Südkurier launched its internet presence in 1996 when the World Wide Web was still young, and in 2008 it “decided to offer advertising customers an extensive portfolio of online marketing services,” according to Michel Bieler-Loop, Publishing Director.
Bieler-Loop said Südkurier started its own digital services operations, as opposed to acquiring existing companies, and for the most part has continued with a strategy that emphasizes organic growth. Under the name “MediaFavoriten,” additional digital product and service offerings have been developed over the years, primarily internally.
The current range of product lines, each with its own branding, includes:
- Profi-Homepage, which builds and maintains websites for local businesses, manages their social media accounts, and does search engine optimization and search engine marketing for them;
- RegioStars, a regional directory listing more than 45,000 companies in the region, with coupons, customer feedback and contests, and boasting optimization for Google, integration with Facebook, and detailed user statistics;
- jobs-im-südwesten.de, an online employment market; and
- LieblingsLaden, an online “click and collect” marketplace (see below for details).
Those brands are closely tied to the media company, so “they profit from the customer contacts of the parent company,” Bieler-Loop said. Any one of them could become a separate company if it reaches a certain size, he said.
(Editor’s note: This post about providing Internet services to local businesses is excerpted from the upcoming WAN-IFRA Report, “Alternative Revenue Streams for News Publishers,” to be published in February 2016.)
In principle, services are fulfilled internally rather than outsourced; outside support is enlisted from time to time, and freelancers are employed, but most of the value is created within the company. Bieler-Loop considers it important to develop and maintain competence internally.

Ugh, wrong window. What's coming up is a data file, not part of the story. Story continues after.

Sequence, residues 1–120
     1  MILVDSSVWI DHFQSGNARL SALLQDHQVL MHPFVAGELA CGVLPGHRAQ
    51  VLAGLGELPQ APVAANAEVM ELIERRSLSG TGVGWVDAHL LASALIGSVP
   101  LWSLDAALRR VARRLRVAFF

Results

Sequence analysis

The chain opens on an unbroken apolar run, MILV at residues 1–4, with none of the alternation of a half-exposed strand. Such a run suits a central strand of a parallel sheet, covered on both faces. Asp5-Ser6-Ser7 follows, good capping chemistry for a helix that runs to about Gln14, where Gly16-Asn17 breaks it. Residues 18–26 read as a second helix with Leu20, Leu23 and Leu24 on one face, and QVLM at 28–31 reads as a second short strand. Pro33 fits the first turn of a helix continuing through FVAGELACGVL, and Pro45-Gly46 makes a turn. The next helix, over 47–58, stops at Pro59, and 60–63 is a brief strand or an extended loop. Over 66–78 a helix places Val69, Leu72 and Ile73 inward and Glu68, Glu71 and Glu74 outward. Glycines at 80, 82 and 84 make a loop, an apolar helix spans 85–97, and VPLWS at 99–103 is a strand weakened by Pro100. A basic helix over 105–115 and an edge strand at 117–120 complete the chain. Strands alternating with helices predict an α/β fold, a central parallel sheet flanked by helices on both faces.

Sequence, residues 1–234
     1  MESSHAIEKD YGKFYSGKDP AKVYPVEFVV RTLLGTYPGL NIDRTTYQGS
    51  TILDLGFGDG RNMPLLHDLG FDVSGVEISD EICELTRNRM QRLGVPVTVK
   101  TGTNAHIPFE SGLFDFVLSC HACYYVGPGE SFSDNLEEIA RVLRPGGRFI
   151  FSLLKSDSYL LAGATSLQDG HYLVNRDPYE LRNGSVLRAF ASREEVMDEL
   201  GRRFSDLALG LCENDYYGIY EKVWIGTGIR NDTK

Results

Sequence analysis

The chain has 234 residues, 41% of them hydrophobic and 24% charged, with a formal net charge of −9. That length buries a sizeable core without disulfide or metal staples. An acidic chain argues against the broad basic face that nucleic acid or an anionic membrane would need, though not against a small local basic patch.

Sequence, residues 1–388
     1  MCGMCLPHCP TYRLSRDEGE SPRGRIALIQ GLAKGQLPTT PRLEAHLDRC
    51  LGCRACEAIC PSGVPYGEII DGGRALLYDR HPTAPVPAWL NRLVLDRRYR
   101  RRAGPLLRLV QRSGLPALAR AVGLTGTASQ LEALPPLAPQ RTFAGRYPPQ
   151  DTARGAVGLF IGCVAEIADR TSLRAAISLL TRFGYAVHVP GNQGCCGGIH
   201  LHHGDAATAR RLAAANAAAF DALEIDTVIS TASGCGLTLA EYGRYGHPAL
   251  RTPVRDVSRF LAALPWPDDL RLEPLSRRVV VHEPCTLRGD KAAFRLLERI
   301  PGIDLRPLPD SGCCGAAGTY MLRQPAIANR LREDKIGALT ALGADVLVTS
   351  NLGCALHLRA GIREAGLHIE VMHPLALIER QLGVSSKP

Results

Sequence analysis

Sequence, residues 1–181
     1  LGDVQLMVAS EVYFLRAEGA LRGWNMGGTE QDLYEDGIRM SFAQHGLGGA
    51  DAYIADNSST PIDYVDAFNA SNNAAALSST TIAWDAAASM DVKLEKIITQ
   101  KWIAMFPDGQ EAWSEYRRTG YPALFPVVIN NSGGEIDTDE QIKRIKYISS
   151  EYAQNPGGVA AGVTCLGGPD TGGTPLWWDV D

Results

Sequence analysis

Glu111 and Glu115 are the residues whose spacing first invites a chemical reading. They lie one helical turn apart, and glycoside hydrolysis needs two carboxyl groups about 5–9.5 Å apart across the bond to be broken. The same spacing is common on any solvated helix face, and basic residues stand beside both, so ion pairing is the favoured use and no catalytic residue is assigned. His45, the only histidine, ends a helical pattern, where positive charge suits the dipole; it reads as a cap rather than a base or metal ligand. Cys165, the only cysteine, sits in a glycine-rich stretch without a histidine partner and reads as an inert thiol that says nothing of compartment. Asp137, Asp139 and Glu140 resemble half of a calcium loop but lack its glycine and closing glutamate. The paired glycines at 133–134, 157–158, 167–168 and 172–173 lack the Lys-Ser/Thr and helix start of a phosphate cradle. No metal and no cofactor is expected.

Profit margin from reselling deemed too low
There was a phase, before 2010, when Südkurier contracted with “white label” service providers and marketed and re-sold their services. That ended when the company decided it needed to develop expertise internally — and when it became determined to improve profitability; the profit margin earned from reselling was deemed too narrow, said Bieler-Loop.
As of late 2015, MediaFavoriten had about 20 employees, about half of them editorial staff members who also run the main website at suedkurier.de. The other half handle product and business development.
But MediaFavoriten is not responsible for all online operations; far from it. Within the parent company, some employees specialize in online ad sales and user engagement/support. Also, Südkurier marketing staff members handle both online and print aspects, “since they are already close to the market,” said Bieler-Loop.
To keep staffers up-to-date on technical and market developments, there is an internal coaching system comprising three aspects:
- Once a year a so-called “sales day” is held, at which new products and sales initiatives are introduced.
- Once a quarter, teams of 10 to 20 salespeople meet for intensive product demonstrations, discussion of sales aids and techniques, and campaign planning.
- Periodically, a series of joint sales visits to clients is held, in which a print-ad specialist accompanies a cross-media salesperson. The aim is to train each salesperson to sell the other’s speciality independently.
Bieler-Loop said the main lesson he has learned in the past eight years pertains to making online operations profitable. For Südkurier, he said, the key factor is to keep creation of value internal as much as possible. (He said that might not apply to other publishers.)